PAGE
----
Pernil: Bittman’s Slow Roasted Pork Roast

From Mark Bittman’s Minimalist Column is the New York Times.

Bittman notes, “there are times I feel almost guilty about this dish because the

Bittman's Pernil Pork Roast from Bittman/Food Network

Bittman's Pernil Pork Roast, photo from Bittman via Cooking

process is beyond easy and incredibly impressive, it feeds as many people as a medium-size ham, and the flavor is unbelievable.”

I would agree about the ease and taste.  I am on a pork roast campaign, because we have plenty and I think folks (myself included) are often a bit daunted by a pork roast.  But what I am realizing is that they can be easy.   One of the best things about this recipe, is that you have a lot of flexibility about how long it is in the oven.  A trait I found excellent when hosting folks – no worrying about getting it out just at the right time, you just have to get it in the oven early enough.

For additional tips – see Bittman’s video about it.


Time: At least 3 hours

1 pork shoulder, 4 to 7 pounds (or use fresh ham)

4 or more cloves garlic, peeled

1 large onion, quartered

2 tablespoons fresh oregano leaves or 1 tablespoon dried oregano

1 tablespoon ground cumin

1 teaspoon ancho or other mild chili powder ( in his video, Bittman notes you can also add a bit of chipotle or other hotter pepper if you like)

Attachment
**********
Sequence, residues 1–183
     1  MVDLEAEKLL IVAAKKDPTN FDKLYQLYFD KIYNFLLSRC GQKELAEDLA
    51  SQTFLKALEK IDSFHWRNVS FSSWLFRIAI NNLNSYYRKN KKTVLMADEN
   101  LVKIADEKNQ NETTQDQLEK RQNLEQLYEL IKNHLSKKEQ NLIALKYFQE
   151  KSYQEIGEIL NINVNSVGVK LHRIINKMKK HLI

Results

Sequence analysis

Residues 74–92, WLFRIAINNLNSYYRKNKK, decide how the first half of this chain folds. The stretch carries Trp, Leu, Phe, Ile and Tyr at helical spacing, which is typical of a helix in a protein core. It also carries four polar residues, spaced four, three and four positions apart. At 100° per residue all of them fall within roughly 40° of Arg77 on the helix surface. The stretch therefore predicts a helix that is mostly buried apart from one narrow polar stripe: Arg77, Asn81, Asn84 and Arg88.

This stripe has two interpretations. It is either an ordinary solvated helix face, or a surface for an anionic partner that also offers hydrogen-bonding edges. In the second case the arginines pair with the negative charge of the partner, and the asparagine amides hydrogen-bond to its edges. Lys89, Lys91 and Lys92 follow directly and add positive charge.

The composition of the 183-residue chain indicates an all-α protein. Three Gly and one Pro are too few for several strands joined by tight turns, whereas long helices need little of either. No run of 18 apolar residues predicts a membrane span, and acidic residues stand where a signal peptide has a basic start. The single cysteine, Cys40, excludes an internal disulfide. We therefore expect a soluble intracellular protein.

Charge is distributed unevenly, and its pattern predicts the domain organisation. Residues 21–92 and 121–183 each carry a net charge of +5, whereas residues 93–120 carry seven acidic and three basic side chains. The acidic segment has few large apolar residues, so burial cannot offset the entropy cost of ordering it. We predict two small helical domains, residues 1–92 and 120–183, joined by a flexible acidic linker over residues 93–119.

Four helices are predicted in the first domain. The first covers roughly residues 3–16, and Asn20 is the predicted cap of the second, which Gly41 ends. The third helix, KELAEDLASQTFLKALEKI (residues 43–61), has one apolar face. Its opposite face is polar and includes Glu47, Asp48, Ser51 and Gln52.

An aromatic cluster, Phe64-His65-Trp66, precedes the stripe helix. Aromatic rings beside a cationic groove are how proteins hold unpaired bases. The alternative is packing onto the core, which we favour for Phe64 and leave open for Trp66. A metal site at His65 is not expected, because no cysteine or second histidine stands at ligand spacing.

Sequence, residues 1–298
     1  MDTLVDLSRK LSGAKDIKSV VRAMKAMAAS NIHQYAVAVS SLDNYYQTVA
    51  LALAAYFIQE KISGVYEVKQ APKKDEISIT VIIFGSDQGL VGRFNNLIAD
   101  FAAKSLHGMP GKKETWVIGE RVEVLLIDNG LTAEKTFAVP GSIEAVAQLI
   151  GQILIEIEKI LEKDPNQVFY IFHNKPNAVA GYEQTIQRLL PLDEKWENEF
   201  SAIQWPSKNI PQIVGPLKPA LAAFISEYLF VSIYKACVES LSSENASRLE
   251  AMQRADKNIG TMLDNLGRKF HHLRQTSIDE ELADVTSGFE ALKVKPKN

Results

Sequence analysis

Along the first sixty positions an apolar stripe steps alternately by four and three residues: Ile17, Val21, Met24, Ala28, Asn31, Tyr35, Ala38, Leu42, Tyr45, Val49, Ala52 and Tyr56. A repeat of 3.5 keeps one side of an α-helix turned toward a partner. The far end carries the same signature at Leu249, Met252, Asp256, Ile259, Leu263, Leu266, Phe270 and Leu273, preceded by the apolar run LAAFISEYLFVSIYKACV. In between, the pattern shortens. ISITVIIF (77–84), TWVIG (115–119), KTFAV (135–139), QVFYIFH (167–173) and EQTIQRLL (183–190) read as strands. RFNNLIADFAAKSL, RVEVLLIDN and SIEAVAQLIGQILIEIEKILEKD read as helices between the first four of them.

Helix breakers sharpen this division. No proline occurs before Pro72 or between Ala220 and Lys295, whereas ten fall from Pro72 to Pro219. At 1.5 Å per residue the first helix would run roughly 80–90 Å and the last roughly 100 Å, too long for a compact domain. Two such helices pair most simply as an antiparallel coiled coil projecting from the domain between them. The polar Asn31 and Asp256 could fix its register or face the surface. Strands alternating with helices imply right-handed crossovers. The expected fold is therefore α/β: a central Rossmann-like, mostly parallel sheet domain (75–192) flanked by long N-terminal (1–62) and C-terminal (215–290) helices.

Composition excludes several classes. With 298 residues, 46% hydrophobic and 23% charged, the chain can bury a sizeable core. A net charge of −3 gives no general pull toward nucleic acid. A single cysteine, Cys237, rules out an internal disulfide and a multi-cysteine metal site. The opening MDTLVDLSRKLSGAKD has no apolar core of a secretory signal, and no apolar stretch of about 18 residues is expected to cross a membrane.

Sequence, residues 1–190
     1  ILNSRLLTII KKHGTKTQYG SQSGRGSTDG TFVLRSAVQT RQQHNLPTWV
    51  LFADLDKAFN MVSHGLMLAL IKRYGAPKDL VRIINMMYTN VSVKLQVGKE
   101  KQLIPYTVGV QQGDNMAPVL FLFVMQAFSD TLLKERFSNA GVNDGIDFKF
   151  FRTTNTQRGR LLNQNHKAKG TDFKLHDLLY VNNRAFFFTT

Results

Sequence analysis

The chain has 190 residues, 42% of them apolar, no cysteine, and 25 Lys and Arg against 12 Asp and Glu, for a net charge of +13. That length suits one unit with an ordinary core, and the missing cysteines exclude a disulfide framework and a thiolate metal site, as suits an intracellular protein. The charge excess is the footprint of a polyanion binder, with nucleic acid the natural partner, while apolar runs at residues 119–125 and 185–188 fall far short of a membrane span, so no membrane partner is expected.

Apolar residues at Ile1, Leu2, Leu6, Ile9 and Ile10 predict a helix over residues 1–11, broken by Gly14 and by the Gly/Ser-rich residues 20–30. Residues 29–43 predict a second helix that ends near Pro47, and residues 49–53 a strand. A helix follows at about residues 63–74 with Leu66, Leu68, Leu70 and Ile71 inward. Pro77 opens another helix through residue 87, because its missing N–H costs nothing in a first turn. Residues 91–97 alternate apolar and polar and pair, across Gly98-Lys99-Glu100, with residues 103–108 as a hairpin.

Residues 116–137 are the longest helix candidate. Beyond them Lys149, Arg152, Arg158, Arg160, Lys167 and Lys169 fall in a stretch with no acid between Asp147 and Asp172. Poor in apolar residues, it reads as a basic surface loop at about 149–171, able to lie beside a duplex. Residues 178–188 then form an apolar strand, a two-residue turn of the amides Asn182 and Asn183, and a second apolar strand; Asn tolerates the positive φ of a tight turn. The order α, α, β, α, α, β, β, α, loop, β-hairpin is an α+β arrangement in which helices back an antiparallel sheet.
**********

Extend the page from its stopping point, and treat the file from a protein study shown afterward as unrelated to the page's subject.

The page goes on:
1 tablespoon salt

2 teaspoons freshly ground black pepper

Olive oil as needed

1 tablespoon wine or cider vinegar

Lime wedges for serving.

1. Heat oven to 300 degrees. Score meat’s skin with a sharp knife, making a cross-hatch pattern. Pulse garlic, onion, oregano, cumin, chili, salt and pepper together in a food processor, adding oil in a drizzle and scraping down sides as necessary, until mixture is pasty. (Alternatively, mash ingredients in a mortar and pestle.) Blend in the vinegar.

2. Rub this mixture well into pork, getting it into every nook and cranny. Put pork in a roasting pan and film bottom with water. Roast pork for several hours (a 4-pound shoulder may be done in 3 hours), turning every hour or so and adding more water as necessary, until meat is very tender. Finish roasting with the skin side up until crisp, raising heat at end of cooking if necessary.

3. Let meat rest for 10 to 15 minutes before cutting it up; meat should be so tender that cutting it into uniform slices is almost impossible; rather, whack it up into chunks. Serve with lime.

Yield: At least 6 servings.